Truss’s energy bills freeze could curb inflation, says Bank of England

Governor of the Bank of England, Andrew Bailey, reacts during the Bank of England's financial stability report news conference, at the Bank of England, London August 4, 2022. Yui Mok/Pool via REUTERS
Governor of the Bank of England, Andrew Bailey, welcomed prime minister Liz Truss's plan to cap energy bills. Photo Yui Mok/Pool via Reuters

The Bank of England has admitted that plans to freeze energy bills by new prime minister Liz Truss could curb surging inflation.

"One of the things that does seem to be under consideration ... is a change to the relationship between gas prices and retail gas prices in a direction that will lower headline inflation, relative to what we were forecasting," Huw Pill, the Bank of England’s chief economist, told the Treasury committee.

Despite inflation pressure resulting from subsidies, "net-net on the implications for headline inflation in the short term, I would expect that to see a decline," he added.

However, Pill, who is also a member of the Monetary Policy Committee, said it was too soon to say what that means for interest rates.

Read more: Liz Truss's energy bills freeze: What does it mean for me?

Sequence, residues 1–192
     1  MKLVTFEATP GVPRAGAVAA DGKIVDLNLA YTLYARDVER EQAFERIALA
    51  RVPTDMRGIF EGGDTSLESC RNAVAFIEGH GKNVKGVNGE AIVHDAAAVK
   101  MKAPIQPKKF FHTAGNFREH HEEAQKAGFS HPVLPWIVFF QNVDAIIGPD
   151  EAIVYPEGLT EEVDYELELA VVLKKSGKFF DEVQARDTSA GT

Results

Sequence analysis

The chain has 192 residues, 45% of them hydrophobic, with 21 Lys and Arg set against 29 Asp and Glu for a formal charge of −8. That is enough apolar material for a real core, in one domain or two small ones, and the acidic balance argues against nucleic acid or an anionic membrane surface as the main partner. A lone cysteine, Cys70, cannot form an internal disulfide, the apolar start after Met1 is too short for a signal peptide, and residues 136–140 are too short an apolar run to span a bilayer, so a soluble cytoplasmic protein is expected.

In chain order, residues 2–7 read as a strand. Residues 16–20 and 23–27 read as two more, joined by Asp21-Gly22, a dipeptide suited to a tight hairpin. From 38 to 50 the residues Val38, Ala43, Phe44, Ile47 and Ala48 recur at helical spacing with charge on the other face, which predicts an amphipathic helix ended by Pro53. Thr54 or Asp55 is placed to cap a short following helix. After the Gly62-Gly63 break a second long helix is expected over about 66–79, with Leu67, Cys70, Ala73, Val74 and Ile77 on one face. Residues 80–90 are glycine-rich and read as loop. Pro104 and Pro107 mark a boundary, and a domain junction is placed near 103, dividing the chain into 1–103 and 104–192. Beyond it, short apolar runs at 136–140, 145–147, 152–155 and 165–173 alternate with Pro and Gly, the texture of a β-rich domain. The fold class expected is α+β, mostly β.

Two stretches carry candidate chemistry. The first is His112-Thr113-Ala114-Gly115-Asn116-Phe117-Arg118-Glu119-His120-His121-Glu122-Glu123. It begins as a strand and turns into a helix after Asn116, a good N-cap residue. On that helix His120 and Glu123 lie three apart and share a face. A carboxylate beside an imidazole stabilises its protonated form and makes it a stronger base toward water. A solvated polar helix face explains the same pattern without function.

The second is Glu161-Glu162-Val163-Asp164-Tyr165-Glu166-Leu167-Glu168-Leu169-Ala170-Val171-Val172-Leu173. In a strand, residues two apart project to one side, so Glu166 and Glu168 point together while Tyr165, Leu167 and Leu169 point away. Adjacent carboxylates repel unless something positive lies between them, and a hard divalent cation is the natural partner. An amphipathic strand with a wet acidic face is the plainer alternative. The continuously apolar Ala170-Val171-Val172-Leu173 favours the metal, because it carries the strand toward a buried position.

"I think there's just too much uncertainty to have a strong view right now, given the lack of details."

Inflation is soaring
Inflation is soaring

Governor Andrew Bailey welcomed the plan was more guarded in his comments.

“It’s not for us to comment on what fiscal policy will be and we will wait and see what it is… but I do very much welcome the fact that there will be, as I understand it, announcements this week because I think that will help to in, in a sense, frame policy and that’s important,” he said.

But he did tell MPs he welcomes the prospect of a "clear policy stance" on tackling the surge in the energy bills as markets fret over the country's economy.

“It’s important that there is a clear way forward on policy… That will be important for markets to understand what is going to happen,” he added.

Last month, the BoE issued a dire forecast the UK would enter recession this autumn, with the downturn lasting a year, because of the impact of energy-led inflation on the economy.

Read more: Liz Truss promises tax cuts and action on energy bills in first speech as PM

Confronted by MPs, Pill did not dismiss the Goldman Sachs forecast that inflation in the UK would reach 22%.

Without formally endorsing it, he said it was “plausible”.

Interest rates are climbing as the BoE tackles inflation
Interest rates are climbing as the BoE tackles inflation

The Bank of England, which raised interest rates by 50 basis points to 1.75% last month, is due to make its next rates decision next week.

Bailey hinted that more interest rate rises are on the way by reminding MPs of the threat from inflation.

"We are very concerned that ... people will say this is where inflation is going, and that becomes embedded. There is a very real risk here that [this] will have an effect on inflation expectations and price setting."